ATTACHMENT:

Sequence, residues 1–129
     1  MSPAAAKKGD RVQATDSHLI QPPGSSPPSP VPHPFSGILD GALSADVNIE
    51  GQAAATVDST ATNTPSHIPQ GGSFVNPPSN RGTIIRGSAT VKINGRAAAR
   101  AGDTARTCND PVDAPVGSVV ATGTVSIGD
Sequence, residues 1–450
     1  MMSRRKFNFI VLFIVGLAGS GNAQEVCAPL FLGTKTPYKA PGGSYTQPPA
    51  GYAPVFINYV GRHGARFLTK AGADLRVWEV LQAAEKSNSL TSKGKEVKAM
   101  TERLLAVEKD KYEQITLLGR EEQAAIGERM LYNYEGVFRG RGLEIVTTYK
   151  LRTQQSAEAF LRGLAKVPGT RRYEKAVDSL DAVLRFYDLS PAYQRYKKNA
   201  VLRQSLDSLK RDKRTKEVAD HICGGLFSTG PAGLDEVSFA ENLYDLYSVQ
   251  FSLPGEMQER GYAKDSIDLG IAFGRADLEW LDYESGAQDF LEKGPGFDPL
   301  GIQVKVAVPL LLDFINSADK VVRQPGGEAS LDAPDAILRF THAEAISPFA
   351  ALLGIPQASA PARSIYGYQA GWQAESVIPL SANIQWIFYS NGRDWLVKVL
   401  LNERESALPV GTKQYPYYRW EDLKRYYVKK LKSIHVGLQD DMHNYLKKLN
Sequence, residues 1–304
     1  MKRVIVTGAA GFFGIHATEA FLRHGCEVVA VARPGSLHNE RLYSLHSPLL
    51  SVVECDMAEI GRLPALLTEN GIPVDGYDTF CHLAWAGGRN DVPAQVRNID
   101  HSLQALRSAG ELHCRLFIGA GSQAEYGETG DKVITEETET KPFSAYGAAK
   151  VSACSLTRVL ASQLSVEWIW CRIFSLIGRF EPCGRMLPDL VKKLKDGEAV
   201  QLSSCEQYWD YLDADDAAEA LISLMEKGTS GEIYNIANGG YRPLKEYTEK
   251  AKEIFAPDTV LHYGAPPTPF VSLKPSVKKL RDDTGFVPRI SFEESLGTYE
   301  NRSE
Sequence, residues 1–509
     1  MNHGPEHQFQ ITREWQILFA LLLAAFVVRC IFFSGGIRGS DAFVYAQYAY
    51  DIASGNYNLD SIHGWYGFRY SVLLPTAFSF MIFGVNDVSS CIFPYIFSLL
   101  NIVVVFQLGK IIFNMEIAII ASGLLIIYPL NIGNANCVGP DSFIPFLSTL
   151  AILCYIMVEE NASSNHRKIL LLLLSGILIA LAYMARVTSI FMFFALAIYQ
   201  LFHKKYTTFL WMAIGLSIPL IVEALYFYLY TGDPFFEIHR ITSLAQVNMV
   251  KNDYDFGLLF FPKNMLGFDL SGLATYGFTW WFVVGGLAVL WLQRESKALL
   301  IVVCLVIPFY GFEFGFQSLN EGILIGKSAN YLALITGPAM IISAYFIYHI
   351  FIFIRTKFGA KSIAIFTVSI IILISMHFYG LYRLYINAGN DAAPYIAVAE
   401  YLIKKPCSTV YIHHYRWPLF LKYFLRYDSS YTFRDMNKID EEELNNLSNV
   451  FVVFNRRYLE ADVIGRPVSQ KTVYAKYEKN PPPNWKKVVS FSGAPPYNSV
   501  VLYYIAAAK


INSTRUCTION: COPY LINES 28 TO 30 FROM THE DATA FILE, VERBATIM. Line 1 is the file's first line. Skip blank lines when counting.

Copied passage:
   201  LFHKKYTTFL WMAIGLSIPL IVEALYFYLY TGDPFFEIHR ITSLAQVNMV
   251  KNDYDFGLLF FPKNMLGFDL SGLATYGFTW WFVVGGLAVL WLQRESKALL
   301  IVVCLVIPFY GFEFGFQSLN EGILIGKSAN YLALITGPAM IISAYFIYHI